A new study shows that serious illness, struggling to hold
down a regular job, and poor social relationships are just some of the adverse
outcomes in adulthood faced by those exposed to bullying in childhood.
It has long been acknowledged that bullying at a young age
presents a problem for schools, parents and public policy makers alike.
Although children spend more time with their peers than their parents, there is
relatively little published research on understanding the impact of these
interactions on their lives beyond school.
The results of the new study, published in Psychological
Science, a journal of the Association for Psychological Science, highlight the
extent to which the risk of problems related to health, poverty, and social
relationships are heightened by exposure to bullying. The study is notable
because it looks into many factors that go beyond health-related outcomes.
Psychological scientists Dieter Wolke of the University of
Warwick and William E. Copeland of Duke University Medical Center led the
research team, looking beyond the study of victims and investigating the impact
on all those affected: the victims, the bullies themselves, and those who fall
into both categories, so-called "bully-victims".
"We cannot continue to dismiss bullying as a harmless,
almost inevitable, part of growing up," says Wolke. "We need to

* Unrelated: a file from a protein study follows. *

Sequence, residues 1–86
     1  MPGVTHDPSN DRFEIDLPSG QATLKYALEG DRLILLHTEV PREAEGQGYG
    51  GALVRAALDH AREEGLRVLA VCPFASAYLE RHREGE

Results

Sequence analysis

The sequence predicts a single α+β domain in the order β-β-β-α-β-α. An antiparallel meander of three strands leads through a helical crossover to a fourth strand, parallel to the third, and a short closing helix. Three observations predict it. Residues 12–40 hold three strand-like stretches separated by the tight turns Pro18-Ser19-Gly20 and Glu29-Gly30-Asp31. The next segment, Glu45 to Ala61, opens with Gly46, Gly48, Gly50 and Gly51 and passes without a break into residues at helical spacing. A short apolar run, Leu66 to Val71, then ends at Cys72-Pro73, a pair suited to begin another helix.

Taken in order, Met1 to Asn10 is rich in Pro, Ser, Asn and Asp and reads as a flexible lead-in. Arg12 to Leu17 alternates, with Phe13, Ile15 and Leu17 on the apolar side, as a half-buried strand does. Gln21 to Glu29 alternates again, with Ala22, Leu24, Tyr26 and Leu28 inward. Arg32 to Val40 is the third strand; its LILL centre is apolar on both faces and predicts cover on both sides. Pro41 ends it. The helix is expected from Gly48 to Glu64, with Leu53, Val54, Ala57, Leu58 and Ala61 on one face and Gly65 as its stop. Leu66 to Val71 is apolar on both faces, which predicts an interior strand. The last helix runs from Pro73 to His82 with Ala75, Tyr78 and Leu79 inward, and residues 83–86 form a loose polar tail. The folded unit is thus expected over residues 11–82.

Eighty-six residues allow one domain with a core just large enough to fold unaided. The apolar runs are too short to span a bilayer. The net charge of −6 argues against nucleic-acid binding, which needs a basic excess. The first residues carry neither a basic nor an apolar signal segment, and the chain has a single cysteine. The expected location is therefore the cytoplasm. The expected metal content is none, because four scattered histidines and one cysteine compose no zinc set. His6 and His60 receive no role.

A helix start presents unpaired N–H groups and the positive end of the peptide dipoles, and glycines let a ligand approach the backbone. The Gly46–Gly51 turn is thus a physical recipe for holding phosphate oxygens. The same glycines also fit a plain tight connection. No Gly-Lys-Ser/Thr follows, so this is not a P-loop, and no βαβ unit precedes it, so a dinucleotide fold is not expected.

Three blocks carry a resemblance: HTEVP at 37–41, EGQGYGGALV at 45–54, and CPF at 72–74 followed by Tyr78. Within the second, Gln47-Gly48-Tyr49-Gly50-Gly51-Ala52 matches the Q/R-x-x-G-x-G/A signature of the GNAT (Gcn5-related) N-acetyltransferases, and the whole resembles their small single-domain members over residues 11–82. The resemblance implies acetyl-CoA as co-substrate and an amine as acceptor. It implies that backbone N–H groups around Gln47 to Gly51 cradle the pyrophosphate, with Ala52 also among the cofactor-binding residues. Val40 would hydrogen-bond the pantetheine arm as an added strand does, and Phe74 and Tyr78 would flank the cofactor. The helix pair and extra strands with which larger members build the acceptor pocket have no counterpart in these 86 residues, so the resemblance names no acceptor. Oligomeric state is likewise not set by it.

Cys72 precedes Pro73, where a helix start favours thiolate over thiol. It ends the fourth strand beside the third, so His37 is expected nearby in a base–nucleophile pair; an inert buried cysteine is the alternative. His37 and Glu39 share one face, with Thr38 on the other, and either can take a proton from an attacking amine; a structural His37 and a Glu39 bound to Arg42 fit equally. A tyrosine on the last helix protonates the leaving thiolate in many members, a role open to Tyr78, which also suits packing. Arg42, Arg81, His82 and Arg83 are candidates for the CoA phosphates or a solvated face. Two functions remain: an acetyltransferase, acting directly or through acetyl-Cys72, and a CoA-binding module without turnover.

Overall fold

change this mindset and acknowledge this as a serious problem for both the
individual and the country as a whole; the effects are long-lasting and
The "bully-victims" were at greatest risk for health
problems in adulthood, over six times more likely to be diagnosed with a
serious illness, smoke regularly, or develop a psychiatric disorder, compared to
those not involved in bullying.
The results show that bully-victims are perhaps the most
vulnerable group of all. This group may turn to bullying after being bullied
themselves, as they may lack the emotional regulation or support required to
cope with it.
"In the case of bully-victims, it shows how bullying
can spread when left untreated," Wolke added. "Some interventions are
already available in schools but new tools are needed to help health
professionals to identify, monitor, and deal with the ill-effects of bullying.
The challenge we face now is committing the time and resources to these
interventions to try and put an end to bullying."
All the groups were more than twice as likely to have
difficulty in keeping a job, or committing to saving, compared to those not
involved in bullying. As such, they displayed a higher propensity for being
impoverished in young adulthood.
However, the study revealed very few ill effects of being
the bully. After accounting for the influence of childhood psychiatric problems
and family hardships which were prevalent among bullies, the act of bullying itself
didn't seem to have a negative impact in adulthood.
"Bullies appear to be children with a prevailing
antisocial tendency who know how to get under the skin of others, with
bully-victims taking the role of their helpers," explained Wolke. "It
is important to find ways of removing the need for these children to bully
others and, in doing so, protect the many children suffering at the hand of
Although they showed no real difference in the likelihood of
being married or having children, all groups showed signs of having difficulty
forming social relationships, particularly when it came to maintaining long
term friendships or good ties with parents in adulthood.
The research assessed 1 420 participants four to six times
between the ages of 9 and 16 years and adult outcomes between 24-26 years of